After landing safely, the group built a small chapel to the Virgin. The disciples wandered off their separate ways, Mary Magdalene went to Sainte-Baume, and Martha went to Tarascon. Marie Salome, Marie Jacobe and Sarah remained in the Camargue, and were later buried in the oratory. The tomb of these three saints became a cult object, and has attracted pilgrims for the past nineteen centuries.

Statue of guardian and bull in a roundabout in the center of Saintes-Maries-de-la-Mer

The Baroncelli Museum seen below is the 19th-century town hall. It presents the zoology and the agro-pastoral ways of the Camargue region, and the history of Saintes-Maries-de-la-Mer.

Baroncelli Museum

The Church of Saintes-Maries-de-la-Mer towers over the village and is visible from as far as 10 km inland. The church was built from the 9th to the 12th century, as a fortress and a refuge. It has a fresh water well inside, for when the villagers had to take shelter from raiders.

Notre Dame de la Mer Church

We climbed the very narrow steps up to the observatory area on the roof of the fortified Church of Saintes-Maries-de-la-Mer.

View from the roof of the Fortified Church of Saintes-Maries-de-la-Mer out to Sea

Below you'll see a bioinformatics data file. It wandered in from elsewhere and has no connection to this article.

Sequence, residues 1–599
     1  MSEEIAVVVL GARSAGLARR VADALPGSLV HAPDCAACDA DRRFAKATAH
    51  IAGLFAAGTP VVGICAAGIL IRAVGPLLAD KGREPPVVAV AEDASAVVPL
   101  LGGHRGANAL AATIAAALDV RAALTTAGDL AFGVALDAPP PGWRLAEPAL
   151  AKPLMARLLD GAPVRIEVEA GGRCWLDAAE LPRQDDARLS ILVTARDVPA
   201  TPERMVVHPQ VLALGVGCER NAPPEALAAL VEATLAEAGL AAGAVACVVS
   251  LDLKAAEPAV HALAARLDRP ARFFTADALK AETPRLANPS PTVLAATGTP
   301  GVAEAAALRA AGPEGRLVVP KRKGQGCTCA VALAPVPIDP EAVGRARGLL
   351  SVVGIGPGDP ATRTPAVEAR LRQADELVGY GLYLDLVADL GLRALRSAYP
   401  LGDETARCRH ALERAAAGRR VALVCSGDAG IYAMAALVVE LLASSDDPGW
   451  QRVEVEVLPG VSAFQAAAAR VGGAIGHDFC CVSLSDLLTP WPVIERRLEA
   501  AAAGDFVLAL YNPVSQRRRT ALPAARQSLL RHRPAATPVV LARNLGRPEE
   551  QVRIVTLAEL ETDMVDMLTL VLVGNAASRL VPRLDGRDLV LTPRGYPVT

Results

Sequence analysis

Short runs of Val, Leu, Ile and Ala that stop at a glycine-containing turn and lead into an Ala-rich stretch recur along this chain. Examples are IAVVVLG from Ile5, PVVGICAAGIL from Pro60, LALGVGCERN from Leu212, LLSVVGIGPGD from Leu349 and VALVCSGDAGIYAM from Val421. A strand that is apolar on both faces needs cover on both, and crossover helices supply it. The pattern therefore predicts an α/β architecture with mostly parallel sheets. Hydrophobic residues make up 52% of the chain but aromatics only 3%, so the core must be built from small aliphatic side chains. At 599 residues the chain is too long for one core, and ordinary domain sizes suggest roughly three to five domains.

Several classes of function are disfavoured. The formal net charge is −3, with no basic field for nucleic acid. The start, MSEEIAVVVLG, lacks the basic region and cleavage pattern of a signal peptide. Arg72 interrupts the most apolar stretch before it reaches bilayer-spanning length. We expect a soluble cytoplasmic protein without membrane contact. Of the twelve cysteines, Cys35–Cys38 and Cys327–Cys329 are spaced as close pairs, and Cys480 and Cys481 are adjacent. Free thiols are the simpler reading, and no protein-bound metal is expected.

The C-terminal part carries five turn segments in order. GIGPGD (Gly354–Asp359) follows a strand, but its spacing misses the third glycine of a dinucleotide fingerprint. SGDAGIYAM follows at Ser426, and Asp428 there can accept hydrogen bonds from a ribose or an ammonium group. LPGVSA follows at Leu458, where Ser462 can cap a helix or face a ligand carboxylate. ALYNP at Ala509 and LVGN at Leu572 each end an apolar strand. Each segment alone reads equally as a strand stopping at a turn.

View from the roof of the Fortified Church of Saintes-Maries-de-la-Mer over the town

Statue of white Camargue horse in Saintes-Maries-de-la-Mer

As we walked around Saintes-Maries-de-la-Mer, we heard repeated loud cheering from a crowd, and headed in the direction of the sound to see what was going on. We came upon an arena, at the edge of the beach, for bullfights, and one was taking place. We soon discovered that these bullfights vary greatly from their Spanish cousins. Most notably, the bull is never killed.

Saintes-Maries-de-la-Mer bullfighting ring

The bull is the king of the Camargue. The Camargue breed, in Provençal: Raço di bioù, is a cattle native to the Camargue marshlands where they live semi-wild, tended by the mounted herders called gardians who ride the famous Camargue horses which live in the same area. The large herds are called “manades” (this word is also used to refer to the farms that breeds the bulls) and are bred solely for the “course camarguaise (Camargue style of bull-fighting).

Camargue bull